If I’m being honest, I have to say that I didn’t spend a lot of my time early in life thinking about or caring about what God had planned for me.  I was distracted and selfish and driven to do only what I wanted to do. I didn’t have a real relationship with God, so I never asked Him what He wanted for me, what He had dreamed up before I was born. I was too busy trying to pass myself off as a strong, successful somebody, and all those truths, the ones that matter, were easy to ignore.

“How confused you are about your life,” God whispered to me, so many times I’m sure. I didn’t hear him. I was too busy listening to what this world had to tell me.

“You are on a path to a place far away from where I want you,” He continued. “You’re running toward a place where the seed I planted in you cannot grow. You think you know better than I do. You think I don’t exist. Just wait. I will reveal myself to you in a way that will be sure to get your attention.”

And He did. Eight years ago, God put something in my way that was impossible for someone like me to ignore. When I talk about it, I tell people it was a “violent shove,” and it was. Cancer. Metastasized cancer. Neck. Throat. Chest. Brain stem. That was eight years ago. I was 26.

I never expected to be told I had cancer. I don’t think I can effectively express how devastating this news was for someone like me. I won’t even try, except to say that everything ached. Places the cancer was and places it wasn’t. My entire body ached, under the weight of the news and what I thought was a life that was over. I was lost and confused. How could this be happening? Am I going to die? Oh God, I’m going to die.

Then I felt a little tap. I didn’t know it at the time, but it was God. There was that violent shove, then that gentle tap. “This happened because what you’re doing is not what I had planned for you,” He said. “You are supposed to be doing something else. So, welcome to your life: your real one, the one that’s lived with me by your side. Grab hold of that life and see what happens.”

I can’t really explain why I knew in the days after my first diagnosis that God was telling me to become a teacher. I just knew. I was laid up in bed, and I had time to think about what I was really doing on this earth. I decided I wouldn’t waste any more time doing something out of alignment with His plan and purpose for me. I honestly didn’t think I had that much time. It was cancer. It had spread, and we didn’t exactly catch it early.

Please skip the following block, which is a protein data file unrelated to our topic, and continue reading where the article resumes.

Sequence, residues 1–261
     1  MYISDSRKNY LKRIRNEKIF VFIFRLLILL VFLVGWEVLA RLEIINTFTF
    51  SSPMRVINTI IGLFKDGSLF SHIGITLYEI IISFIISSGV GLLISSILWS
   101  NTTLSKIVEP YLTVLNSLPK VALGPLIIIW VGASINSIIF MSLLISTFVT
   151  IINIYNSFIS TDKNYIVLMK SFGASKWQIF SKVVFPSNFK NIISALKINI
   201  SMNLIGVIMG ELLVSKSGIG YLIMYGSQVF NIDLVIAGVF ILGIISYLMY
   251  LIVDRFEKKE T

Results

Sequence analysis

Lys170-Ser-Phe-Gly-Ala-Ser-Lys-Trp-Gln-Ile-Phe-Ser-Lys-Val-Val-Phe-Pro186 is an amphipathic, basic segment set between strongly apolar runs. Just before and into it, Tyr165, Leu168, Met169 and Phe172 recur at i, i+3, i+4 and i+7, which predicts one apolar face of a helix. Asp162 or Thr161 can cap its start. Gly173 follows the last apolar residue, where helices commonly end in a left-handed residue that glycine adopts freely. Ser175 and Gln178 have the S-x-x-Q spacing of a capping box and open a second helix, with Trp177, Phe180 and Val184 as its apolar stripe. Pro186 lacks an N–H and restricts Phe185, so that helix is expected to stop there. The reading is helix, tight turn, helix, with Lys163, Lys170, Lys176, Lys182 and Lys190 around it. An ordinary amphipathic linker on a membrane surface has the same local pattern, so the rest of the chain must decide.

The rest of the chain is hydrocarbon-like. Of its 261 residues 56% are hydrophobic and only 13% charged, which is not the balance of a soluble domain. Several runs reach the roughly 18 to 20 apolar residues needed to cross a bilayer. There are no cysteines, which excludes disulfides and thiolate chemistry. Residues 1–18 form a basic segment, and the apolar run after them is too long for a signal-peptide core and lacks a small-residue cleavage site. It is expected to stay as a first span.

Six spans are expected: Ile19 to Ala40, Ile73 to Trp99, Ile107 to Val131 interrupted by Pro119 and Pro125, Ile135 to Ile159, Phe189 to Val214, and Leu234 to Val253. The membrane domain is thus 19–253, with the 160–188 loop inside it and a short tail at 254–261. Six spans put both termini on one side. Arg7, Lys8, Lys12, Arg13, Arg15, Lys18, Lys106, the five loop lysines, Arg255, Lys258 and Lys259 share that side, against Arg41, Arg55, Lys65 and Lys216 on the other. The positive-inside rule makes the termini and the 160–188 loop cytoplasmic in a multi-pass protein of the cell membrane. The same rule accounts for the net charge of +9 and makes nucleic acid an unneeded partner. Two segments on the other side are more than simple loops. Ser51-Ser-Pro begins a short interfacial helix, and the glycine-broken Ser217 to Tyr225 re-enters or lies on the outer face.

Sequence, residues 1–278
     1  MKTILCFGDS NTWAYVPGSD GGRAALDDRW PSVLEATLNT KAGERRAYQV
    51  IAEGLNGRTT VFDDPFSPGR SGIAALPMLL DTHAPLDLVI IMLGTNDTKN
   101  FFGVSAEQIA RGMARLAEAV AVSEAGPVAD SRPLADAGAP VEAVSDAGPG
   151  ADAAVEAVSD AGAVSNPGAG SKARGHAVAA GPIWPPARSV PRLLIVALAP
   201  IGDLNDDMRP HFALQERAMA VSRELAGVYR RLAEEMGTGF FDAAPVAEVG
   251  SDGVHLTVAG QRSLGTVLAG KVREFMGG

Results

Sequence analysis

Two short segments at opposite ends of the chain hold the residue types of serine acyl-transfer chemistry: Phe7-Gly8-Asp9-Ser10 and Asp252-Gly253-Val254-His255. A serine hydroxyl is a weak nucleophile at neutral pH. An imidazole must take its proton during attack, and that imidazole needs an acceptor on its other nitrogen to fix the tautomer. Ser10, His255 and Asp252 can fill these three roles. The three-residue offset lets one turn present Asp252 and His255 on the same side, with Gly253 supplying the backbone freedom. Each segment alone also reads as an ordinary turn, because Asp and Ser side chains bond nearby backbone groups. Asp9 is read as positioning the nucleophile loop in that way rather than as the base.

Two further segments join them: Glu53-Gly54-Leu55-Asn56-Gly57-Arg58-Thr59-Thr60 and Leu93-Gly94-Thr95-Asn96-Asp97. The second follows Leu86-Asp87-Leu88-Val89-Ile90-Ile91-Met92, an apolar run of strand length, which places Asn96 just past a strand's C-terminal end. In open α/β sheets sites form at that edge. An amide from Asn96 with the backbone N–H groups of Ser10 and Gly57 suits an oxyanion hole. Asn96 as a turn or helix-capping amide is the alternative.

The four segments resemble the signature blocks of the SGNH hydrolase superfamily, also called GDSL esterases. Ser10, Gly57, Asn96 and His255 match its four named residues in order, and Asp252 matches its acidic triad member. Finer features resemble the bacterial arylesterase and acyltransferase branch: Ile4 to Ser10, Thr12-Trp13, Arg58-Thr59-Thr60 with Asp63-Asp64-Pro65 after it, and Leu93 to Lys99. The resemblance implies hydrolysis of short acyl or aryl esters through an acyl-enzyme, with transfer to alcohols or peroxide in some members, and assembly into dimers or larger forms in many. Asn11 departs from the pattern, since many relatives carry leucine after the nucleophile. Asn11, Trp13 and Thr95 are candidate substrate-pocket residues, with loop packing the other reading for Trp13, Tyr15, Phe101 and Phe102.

I enrolled in a teaching program and was in the classroom the following year. I’ve spent the last eight years of my life planning and prepping lessons, searching for tools and resources, stories and poetry that would touch my students’ hearts and minds in such a way that they would find value in the time we spent together and take these lessons with them into new adventures. I’ve poured my heart and soul into this job, these kids, this work. I’ve done the absolute best I could do for eight years.

And now, it’s over.

I quit.

June 10 was my last day of work as a teacher. No students. Their last day was June 8, and I had two days without them to pack up my classroom and say goodbye. I spent the day mostly alone, cleaning shelves, stacking chairs, and loading the last eight years of my school life into a box. Well, a few boxes. I had a lot of stuff in there.

I quit. I quit because there’s something new that He’s asked me to do. He’s asked me to step out in faith and pursue a new calling. I know it’s a calling because my body experiences that very same aching I felt eight years ago when I got sick, only now it’s for a different reason. That aching for me happens when I think about the next generation of girls: a generation of girls who are suffering and breaking under the weight of this world. A generation of girls who are unable to step into the life that God has planned for them; they can’t do it because they’re distracted, like I was, by this world’s jacked up definition of beauty and success. We need to help them realize the truth sooner, before the lies the world tells them creep in and do their damage. It’s time to do something about it.

So I quit, because God is calling me to spend the rest of my time here doing something about it. I don’t know what’s on the other side of this decision, but I know who’s on the other side of it. He is, God is, and I’m stepping out because I know He’s asked me to step out.

I quit. I’m ready. Let’s do this.

AUTHOR: Erin Weidemann
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